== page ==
Personal Information, Over Disclosure & Security

These days too many businesses that we interact with on a daily basis require far too much personal information about each and every one of us. A prime example of this is signing up for a non-essential service at a shopping centre or local shop – some of those businesses require a comparable amount of information to that of a bank. Why do they need all that information?

I recently signed up at our local video store in Upper Coomera on the Gold Coast and they required a credit card or debit card, without one they simply wouldn’t sign you up for an account. I appreciate that they probably have issues getting money from clients who return videos late, however I’m not convinced that providing my credit card information is a reasonable measure and I’ll tell you why.

Every time I see someone pick up a pen and write down my personal information, especially if they aren’t an organisation who’s business is managing personal information, it worries me. Everytime a EFTPOS terminal is down and they take a manual imprint of a credit card, it worries me. In the case of the Upper Coomera video shop, the staff member wrote my credit card information down on a signup form – but once they’ve entered my information into the computer – what happens with that piece of paper? Is it simply scrunched up and put in the waste paper basket, burned, shredded or none of the above. What about once it is entered into the computer, is it encrypted or stored unencrypted for anyone to see. Can any staff member at the video store view my personal information, including my complete set of credit card details? Is the business and their staff adequately equipped and trained to handle that sort of sensitive information?

In my opinion, these are all good questions that the average person never thinks about. They assume that our personal information is handled with care, that businesses have reliable processes in place to minimise the potential risk of having their clients information disclosed or compromised.

These sorts of issues are being raised more and more frequently in the mainstream media, fueled by the unchecked rise in personal information and identity theft taking place. Getting this ugly secret out into the open is the only way to deal with it – people need to be made aware of it and what sort of measures they can put in place to reduce the likelihood of their information getting out into the wild.

The sad thing is, that while I read their terms of service and I know they are bound by the Australian Privacy Act – I still signed up for an account at my local Gold Coast video store. I pressed them to sign me up without that information but they wouldn’t budge and the alternative was a Video Ezy at Helensvale – a 15 minute drive away, hardly convenient.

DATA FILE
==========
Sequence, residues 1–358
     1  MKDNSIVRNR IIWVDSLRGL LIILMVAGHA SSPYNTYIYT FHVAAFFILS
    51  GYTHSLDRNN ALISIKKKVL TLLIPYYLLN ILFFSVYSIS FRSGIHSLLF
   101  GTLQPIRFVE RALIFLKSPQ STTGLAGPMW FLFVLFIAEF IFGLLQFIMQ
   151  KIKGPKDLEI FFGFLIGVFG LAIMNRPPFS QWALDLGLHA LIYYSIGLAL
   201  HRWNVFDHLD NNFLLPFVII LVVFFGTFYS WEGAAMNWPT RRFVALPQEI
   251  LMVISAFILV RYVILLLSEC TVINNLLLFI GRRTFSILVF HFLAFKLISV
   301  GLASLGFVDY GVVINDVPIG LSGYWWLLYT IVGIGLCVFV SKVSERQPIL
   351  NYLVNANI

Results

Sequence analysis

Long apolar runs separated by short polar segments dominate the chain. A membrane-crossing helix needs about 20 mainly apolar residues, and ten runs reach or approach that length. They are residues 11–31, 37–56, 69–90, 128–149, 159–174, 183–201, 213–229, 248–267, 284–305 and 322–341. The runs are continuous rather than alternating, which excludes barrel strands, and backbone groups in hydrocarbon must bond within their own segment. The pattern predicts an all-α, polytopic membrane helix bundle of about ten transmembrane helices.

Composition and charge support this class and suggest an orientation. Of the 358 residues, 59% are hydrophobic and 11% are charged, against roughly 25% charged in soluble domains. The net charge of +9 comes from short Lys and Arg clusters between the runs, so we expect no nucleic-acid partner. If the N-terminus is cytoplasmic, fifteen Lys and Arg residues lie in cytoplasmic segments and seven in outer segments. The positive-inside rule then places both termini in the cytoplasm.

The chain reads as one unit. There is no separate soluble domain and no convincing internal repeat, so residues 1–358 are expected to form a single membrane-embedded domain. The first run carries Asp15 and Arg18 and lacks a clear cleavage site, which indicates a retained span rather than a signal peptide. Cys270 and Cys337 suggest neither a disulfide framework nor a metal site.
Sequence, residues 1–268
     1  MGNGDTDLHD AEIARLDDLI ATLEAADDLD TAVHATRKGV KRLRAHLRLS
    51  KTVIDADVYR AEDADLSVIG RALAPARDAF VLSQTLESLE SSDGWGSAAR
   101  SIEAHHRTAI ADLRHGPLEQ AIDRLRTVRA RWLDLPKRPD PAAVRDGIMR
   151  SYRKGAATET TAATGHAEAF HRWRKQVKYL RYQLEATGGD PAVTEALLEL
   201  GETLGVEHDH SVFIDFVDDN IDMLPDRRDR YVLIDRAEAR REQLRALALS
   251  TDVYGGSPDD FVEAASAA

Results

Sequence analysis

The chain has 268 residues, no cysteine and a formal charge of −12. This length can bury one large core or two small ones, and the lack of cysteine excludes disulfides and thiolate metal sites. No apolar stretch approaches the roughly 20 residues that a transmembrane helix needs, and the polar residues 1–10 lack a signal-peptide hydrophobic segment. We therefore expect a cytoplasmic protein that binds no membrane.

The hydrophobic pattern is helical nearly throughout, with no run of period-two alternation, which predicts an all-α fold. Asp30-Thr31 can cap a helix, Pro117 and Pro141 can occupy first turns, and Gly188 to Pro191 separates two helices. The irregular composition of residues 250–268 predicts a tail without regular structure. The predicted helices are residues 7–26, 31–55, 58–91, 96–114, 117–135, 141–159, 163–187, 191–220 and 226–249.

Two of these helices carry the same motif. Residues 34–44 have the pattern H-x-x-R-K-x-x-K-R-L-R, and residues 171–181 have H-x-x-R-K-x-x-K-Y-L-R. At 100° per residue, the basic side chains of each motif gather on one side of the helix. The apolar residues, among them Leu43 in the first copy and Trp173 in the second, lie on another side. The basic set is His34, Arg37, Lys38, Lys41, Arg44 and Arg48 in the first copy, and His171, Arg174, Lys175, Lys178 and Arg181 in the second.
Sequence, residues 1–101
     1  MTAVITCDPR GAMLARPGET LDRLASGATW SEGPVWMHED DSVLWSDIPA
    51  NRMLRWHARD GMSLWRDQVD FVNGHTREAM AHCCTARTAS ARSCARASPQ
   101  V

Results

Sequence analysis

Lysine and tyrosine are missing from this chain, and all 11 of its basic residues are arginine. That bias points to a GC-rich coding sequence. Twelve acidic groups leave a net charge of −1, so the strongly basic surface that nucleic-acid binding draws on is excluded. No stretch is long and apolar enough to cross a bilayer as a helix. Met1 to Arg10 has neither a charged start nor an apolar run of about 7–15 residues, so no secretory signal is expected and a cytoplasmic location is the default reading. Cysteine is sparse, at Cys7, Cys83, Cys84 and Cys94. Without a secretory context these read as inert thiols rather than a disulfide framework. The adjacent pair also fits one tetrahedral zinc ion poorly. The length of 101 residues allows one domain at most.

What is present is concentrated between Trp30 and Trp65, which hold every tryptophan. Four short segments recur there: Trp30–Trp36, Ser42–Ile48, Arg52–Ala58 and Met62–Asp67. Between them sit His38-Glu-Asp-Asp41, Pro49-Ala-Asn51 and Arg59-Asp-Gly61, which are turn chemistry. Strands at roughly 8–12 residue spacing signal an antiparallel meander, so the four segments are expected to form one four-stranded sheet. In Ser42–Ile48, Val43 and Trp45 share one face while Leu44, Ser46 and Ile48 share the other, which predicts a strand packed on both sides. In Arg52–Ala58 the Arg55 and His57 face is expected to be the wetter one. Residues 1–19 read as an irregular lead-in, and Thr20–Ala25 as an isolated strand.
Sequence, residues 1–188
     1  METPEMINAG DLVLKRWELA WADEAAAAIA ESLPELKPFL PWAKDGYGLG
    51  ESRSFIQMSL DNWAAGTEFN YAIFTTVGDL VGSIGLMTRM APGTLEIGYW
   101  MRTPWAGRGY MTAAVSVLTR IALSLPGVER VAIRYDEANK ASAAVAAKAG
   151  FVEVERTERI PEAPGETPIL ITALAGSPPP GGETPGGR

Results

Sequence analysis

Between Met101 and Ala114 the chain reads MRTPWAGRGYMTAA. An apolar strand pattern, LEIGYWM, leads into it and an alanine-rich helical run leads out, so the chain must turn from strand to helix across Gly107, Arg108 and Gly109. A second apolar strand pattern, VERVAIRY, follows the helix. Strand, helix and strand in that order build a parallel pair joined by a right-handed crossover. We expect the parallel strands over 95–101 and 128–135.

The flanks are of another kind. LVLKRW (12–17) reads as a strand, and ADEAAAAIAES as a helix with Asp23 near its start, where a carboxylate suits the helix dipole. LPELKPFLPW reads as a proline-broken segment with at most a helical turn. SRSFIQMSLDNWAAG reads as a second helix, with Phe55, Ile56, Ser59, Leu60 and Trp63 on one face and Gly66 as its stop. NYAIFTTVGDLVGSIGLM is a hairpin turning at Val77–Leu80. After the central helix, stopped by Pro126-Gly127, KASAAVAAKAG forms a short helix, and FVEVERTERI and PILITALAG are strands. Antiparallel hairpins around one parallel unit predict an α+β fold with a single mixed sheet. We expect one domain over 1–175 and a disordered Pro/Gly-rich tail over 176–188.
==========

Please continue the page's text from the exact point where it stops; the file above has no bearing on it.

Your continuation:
If  you take anything away from this, let it be an increased awareness of what and how often you disclose your personal information and to what types of people, organisations or companies.

2 thoughts on “Personal Information, Over Disclosure & Security

  1. Mmmm I think most people do think about this. We are all becoming a little more over protective of our personal information. I hired a push car at the shops for Ben which required my credit card details. The lady wrote them on the form that was also the sign in and out sheet for all hire items. Which meant anyone hiring anything for the day would see my credit card number!! I insisted that my personal information be taken off the form and watched while she did it. I believe that it is not that the average person doesn’t think about what happens to their information but it is the businesses that need far better methods of handling this personal details. Until that happens I think we have the right to ask what processes businesses use to keep this private. Did you ask what happens to the paper copy?

  2. No I didn’t ask what happens to it. I should have kept pressing, however after I gave her a ribbing for requiring my credit card information in the first place – I didn’t think she was going to enjoy me following that up with a line of questioning related to the Australian Privacy Act.

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